The Plaintiff had obtained an award from the Suzhou Intermediate Court (“PRC Court”)against the Defendant for, inter alia, recovery of the purchase price paid by the Plaintiff to the Defendant (the “PRC Judgment”). The Plaintiff then sought to enforce this award in Singapore.

The Singapore High Court recognised that the case raised novel issues as to the enforcement of foreign judgments, but eventually held in favour of the Plaintiff. The Court found that the PRC Judgment was capable of both recognition and enforcement in Singapore. The PRC judgment was capable of recognition as (i) it was final and conclusive; (ii) the PRC Court had international jurisdiction over the Defendant; and (iii) there was no defence to the recognition of the judgment. It was also enforceable as it contained an obligation for the payment of a fixed sum of money.

(iii) Public Prosecutor v Hergobind s/o Arjandas Goklani [2014] SGDC 398

Dishonest receipt of stolen property – Degree of knowledge required for offence

Singaporeans have been hit by an increasing number of scams where they are convinced by third parties to help process and transfer stolen funds. Importantly, criminal liability may be incurred even if they did not know that the funds were stolen; all that is required is a reason to believe so. In this case, the Court examined the degree of knowledge necessary for the commission of this offence.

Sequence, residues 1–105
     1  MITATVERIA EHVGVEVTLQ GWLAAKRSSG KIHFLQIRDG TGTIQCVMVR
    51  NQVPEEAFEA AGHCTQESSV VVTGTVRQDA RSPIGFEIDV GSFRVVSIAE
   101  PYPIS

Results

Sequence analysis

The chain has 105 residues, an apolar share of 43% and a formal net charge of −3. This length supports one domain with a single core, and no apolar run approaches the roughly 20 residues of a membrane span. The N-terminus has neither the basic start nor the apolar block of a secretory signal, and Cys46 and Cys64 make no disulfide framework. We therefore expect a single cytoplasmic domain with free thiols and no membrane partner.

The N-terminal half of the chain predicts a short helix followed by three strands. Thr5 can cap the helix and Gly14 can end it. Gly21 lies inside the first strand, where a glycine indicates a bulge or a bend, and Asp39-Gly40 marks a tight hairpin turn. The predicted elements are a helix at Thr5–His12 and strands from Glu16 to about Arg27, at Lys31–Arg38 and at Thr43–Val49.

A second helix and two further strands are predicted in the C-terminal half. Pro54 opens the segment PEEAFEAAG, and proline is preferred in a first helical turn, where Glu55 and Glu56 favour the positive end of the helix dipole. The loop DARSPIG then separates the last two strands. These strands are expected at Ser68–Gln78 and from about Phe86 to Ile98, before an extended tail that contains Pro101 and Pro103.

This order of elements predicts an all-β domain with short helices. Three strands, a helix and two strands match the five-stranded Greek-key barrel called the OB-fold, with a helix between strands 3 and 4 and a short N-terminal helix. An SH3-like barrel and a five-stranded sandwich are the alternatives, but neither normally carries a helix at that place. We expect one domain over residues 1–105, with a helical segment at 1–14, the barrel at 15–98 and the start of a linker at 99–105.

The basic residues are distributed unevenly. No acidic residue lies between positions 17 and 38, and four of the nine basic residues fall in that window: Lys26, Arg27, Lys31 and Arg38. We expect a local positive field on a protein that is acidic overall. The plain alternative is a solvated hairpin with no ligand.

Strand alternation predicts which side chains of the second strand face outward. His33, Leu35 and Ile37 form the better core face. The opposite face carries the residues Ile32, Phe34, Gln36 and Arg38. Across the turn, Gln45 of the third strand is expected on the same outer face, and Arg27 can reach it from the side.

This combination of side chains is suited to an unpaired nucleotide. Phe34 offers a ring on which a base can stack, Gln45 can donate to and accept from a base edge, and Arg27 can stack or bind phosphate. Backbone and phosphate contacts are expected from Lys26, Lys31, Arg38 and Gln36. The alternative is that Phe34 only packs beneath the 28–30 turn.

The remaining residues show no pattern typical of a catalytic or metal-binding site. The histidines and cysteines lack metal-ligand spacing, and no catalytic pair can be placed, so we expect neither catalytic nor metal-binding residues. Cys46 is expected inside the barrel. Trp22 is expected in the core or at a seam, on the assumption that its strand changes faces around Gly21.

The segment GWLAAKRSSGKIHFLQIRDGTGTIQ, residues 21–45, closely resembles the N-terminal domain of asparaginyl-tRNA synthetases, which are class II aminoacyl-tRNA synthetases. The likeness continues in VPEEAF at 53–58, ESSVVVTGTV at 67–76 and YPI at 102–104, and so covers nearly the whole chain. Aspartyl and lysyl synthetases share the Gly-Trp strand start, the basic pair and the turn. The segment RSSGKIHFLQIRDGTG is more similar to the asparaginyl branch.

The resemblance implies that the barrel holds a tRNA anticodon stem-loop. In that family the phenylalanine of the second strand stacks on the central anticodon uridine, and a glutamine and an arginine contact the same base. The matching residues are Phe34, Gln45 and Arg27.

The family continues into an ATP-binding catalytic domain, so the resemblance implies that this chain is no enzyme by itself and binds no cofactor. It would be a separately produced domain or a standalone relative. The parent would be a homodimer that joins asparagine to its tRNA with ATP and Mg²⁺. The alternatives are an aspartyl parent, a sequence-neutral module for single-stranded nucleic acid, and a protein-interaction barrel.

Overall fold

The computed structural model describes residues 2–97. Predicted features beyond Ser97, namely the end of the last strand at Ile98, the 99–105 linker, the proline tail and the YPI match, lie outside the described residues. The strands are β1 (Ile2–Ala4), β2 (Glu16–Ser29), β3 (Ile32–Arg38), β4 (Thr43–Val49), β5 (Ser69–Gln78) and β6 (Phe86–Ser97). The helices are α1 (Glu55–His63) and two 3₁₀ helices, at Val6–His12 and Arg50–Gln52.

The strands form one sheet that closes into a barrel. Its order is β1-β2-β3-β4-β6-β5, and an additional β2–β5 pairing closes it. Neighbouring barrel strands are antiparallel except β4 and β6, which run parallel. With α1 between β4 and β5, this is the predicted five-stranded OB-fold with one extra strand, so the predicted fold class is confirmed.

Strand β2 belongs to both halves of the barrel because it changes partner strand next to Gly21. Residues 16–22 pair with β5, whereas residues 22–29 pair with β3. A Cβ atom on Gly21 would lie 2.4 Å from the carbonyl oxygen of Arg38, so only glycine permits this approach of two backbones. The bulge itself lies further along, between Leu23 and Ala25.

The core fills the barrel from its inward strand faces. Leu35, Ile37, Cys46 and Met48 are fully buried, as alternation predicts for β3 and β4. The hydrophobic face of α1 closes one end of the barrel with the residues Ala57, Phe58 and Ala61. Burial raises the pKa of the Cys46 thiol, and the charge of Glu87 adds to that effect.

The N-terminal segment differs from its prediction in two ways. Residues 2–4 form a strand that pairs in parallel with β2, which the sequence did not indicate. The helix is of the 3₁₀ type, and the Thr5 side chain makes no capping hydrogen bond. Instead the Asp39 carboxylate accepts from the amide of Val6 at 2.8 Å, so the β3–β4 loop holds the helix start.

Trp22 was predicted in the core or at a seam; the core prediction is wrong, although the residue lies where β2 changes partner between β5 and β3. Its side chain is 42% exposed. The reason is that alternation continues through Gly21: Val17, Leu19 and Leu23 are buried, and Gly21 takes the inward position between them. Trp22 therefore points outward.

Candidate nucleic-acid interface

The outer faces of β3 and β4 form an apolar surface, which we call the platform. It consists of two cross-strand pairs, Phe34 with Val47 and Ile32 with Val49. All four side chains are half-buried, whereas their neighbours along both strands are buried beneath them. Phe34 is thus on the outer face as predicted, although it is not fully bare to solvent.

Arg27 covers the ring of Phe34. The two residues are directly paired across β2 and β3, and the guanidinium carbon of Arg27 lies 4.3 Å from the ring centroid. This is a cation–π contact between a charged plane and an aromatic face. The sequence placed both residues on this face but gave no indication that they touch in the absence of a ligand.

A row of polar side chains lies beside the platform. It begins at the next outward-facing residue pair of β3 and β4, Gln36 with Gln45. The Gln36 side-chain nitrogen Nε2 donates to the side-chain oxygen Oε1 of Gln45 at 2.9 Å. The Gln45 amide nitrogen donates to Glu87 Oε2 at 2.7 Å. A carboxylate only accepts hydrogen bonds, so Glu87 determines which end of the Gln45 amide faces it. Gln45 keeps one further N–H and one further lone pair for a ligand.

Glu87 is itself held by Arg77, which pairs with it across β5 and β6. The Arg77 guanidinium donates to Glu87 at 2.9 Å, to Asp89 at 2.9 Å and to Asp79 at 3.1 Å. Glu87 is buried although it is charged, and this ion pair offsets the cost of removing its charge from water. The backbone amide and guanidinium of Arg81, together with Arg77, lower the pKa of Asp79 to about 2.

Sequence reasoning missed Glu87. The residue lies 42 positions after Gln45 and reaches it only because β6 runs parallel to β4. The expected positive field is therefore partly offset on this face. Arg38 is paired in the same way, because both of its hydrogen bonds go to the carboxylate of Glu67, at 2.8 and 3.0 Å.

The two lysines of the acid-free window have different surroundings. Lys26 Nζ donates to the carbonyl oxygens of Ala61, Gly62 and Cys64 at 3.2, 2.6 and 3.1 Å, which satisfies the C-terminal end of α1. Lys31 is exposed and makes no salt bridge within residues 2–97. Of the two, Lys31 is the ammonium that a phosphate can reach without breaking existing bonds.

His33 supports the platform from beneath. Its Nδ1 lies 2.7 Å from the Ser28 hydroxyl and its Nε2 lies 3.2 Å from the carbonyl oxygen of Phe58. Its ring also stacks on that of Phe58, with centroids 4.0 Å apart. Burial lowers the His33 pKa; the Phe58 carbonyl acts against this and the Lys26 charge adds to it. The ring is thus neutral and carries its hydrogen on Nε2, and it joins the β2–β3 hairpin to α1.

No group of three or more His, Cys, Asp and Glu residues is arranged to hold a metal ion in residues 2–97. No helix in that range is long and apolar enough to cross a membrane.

The Defendant had helped to transfer funds through his account for a woman he had met in an online chat room. The funds later turned out to have been stolen from an American account. The Defendant was thus charged with the dishonest receipt of stolen property, as well as removal of the property from the jurisdiction.

The Court acquitted the Defendant of all charges against him. On an assessment of the evidence, the Court found it more likely that he believed the legitimacy of Rose’s requests and did not have reason to believe that he was dealing with stolen property. Although the Prosecution alleged that the Defendant had ignored the red flags in the transaction, the Court found that the Defendant was genuinely infatuated with Rose, and was at most guilty of being careless in not noticing the alleged red flags.


Importantly, the Court clarified that the offence required the establishment of a “reason to believe” that the property was stolen. While actual certainty of mind is not required, it is not enough to have a mere suspicion or to be careless in enquiry.


Rajah & Tann


For further information, please contact:


Andre Yeap, Partner, Rajah & Tann
[email protected]

Kwan Kiat Sim, Partner, Rajah & Tann 
[email protected]

Kendall Tan, Partner, Rajah & Tann
[email protected]

Francis Xavier SC, Partner, Rajah & Tann
[email protected]

Mark Cheng, Partner, Rajah & Tann
[email protected]

Ian Teo, Partner, Rajah & Tann
[email protected]